The owner of the Watford Miniature Railway says he is “optimistic” that they can get the service up-and-running soon, after flooding damaged an estimated “tens of thousands” of pounds worth of equipment.

The popular attraction at Cassiobury Park was submerged in water from Saturday morning (October 3) and the continued heavy rain on Sunday (October 4) only worsened the situation.

It had damaged things like the track itself, locomotives, rolling stock and other equipment at the site.

Former member of staff, Dave Horton, estimates that the damages could cost “tens of thousands”, but the true cost is currently unclear.

Charles O’Mahoney, the owner of the miniature railway, said that they do not know the extent of the damages just yet, but admits repairs are “not cheap”.

He said: “We are optimistic, obviously we have an engineer background anyway, we are able to rescue the situation as it were.

“At the moment, there is still quite a bit of water around, so we can’t get everything to assess just yet. We’ve been in the shed and we’ve had a look, we are hopeful – but until the water has gone a bit more, we can’t see the full extent of it.”

He added that some of the repairs will require third parties and some can be fixed themselves, but it could be pricey.

Watford Observer:

Some of the damages at the site

Mr O’Mahoney said: “All the engines and the coaches would potentially have some water damage, all the track is underwater and that might’ve moved some of the earth and affected the levels of the track to make it safe to use again.”

Mr O’Mahoney believes the flooding was caused by the River Gade bursting its banks.

He said: “I can categorically say I’ve raised concerns about the river being blocked by fallen trees since 2018 with the management of the park. Essentially nothing much was done, and we can see what the result was.

“Obviously, no one could have expected the rain that we got, and it happened so quickly, but the conditions of the trees would not have helped.

“I think we need the river cleared, it’s quite an over clogged river and it does need to be cleared to make sure there are no major issues.”

Watford Observer:

The track is under water

A letter was sent to Watford Borough Council in a plea for help to prevent further situations.

In response, Mayor of Watford Peter Taylor said: "It is terrible to see the results of the awful flooding at the miniature railway in Cassiobury Park. The flooding experienced from the deluge we have been exposed to has been awful.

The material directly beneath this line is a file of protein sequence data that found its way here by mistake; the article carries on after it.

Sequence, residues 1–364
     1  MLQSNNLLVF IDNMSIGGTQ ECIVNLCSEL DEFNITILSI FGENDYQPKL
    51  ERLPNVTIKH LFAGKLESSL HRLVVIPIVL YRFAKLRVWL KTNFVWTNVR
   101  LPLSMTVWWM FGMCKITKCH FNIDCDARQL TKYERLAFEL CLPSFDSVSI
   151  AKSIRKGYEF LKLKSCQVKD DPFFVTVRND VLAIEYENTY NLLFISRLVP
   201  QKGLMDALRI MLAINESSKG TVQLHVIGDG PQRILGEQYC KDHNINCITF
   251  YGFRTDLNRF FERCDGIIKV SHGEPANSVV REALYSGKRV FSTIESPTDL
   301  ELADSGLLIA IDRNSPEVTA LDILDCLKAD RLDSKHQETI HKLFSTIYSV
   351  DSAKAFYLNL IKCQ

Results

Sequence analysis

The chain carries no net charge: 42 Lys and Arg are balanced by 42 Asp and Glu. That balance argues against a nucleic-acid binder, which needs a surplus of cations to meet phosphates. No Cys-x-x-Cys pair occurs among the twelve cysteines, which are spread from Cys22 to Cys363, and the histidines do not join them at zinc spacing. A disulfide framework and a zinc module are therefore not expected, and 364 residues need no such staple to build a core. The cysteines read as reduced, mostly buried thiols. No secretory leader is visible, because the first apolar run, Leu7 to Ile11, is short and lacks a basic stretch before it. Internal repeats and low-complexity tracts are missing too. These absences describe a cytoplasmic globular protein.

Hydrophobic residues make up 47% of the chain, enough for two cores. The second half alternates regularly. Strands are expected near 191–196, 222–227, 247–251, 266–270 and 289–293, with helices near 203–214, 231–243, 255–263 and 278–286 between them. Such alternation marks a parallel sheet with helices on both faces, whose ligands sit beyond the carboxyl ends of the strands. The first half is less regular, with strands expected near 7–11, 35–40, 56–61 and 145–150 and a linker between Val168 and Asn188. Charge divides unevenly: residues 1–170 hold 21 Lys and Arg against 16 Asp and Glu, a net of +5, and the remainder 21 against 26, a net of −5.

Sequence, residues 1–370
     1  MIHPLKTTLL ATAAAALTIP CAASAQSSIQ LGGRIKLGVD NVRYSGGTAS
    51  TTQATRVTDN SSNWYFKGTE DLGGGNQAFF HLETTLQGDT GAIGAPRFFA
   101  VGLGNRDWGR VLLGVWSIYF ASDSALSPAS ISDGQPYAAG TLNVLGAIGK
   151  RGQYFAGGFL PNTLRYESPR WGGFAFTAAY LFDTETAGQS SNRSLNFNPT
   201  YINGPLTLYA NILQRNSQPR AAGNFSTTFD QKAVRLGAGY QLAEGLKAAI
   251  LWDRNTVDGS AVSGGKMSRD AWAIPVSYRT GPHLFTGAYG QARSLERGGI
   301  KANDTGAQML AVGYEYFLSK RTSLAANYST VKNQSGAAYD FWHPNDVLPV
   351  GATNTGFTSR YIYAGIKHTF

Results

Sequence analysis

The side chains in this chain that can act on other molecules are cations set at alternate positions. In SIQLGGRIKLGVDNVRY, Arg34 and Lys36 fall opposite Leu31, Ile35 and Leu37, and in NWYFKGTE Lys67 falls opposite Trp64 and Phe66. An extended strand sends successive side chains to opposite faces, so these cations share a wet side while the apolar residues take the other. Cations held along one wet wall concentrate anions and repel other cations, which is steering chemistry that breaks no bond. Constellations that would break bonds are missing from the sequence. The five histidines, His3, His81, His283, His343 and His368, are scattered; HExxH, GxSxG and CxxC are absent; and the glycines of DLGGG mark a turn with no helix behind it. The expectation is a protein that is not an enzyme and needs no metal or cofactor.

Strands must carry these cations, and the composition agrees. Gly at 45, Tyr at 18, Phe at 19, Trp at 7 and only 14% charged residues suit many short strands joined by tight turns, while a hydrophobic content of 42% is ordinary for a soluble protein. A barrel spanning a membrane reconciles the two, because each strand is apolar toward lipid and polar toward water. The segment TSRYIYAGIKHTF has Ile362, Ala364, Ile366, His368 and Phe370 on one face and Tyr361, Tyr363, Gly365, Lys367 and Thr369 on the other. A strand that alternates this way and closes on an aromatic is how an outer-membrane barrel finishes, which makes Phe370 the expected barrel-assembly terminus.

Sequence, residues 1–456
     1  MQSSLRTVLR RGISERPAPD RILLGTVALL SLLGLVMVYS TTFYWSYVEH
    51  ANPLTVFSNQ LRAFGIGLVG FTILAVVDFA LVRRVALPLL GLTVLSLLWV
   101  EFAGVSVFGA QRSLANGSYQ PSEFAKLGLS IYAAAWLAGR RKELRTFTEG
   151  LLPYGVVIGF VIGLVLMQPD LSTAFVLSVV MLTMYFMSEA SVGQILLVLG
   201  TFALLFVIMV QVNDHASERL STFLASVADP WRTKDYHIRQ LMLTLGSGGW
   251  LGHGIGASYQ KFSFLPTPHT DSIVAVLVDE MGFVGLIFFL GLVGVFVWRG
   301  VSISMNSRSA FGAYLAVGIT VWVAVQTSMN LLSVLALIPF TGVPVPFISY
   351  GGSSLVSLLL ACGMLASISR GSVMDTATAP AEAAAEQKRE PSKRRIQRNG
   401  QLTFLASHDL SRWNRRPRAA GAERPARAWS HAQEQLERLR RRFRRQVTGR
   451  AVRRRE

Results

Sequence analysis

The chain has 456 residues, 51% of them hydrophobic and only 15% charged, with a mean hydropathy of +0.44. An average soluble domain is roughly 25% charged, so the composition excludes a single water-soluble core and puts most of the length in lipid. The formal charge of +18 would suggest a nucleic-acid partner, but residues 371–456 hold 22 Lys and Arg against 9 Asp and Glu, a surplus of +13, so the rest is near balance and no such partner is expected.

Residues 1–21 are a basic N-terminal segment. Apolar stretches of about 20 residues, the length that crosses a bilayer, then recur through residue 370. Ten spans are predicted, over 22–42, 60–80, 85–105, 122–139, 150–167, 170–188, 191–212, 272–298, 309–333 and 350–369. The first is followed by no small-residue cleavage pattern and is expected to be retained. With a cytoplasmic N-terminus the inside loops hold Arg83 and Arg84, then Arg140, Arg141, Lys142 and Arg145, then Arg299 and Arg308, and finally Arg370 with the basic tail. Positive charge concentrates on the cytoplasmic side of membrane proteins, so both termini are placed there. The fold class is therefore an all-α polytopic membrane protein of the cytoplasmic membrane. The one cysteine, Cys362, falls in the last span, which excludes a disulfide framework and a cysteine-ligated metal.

"The miniature railways structures all belong to the owner, but I will be contacting him to discuss the implications of the flood and the damage incurred.

"My thoughts go out to everyone who has been adversely affected by flooding over the weekend."

The railway, which has already lost about 50 per cent of normal earnings due to the Covid-19 lockdown, reopened on July 28 following an initial delay as lockdown eased.

Mr O’Mahoney also says that despite the “learning curve” of social distancing restrictions, the number of visitors were roughly the same as he’d expect for the summer.

“There was a lot of people in the park that was glad to get out and do something. But overall, we would have lost about 50 per cent of what we’d normally earn in a year due to lockdown.

“We’re okay I think – it’s going to be a challenging winter, but I think it’s going to be challenging for everyone. And we’re going to try our best to make sure we’re here to stay for many years to come.”

Watford Observer:

Another view of the flooding

For now, it is unclear when the miniature railway will reopen. Mr O’Mahoney says optimistically it may reopen by the October half-term but said in the “worst case” it may not reopen until Easter in 2021 due to the amount of work and repairs that could last until winter.

He concluded: “It’s normally worth coming down in the winter and we try to run it all year, but it is quieter in the winter and if we have a lot of damage it may be best to focus on that rather than rushing and getting the trains running when it’s all quiet.”

Hertfordshire County Council revealed that over the course of Storm Alex there were 335 floods and drainage incidents reported across the county, 102 counts of damaged trees and 30 weather related calls to the Fire and Rescue service.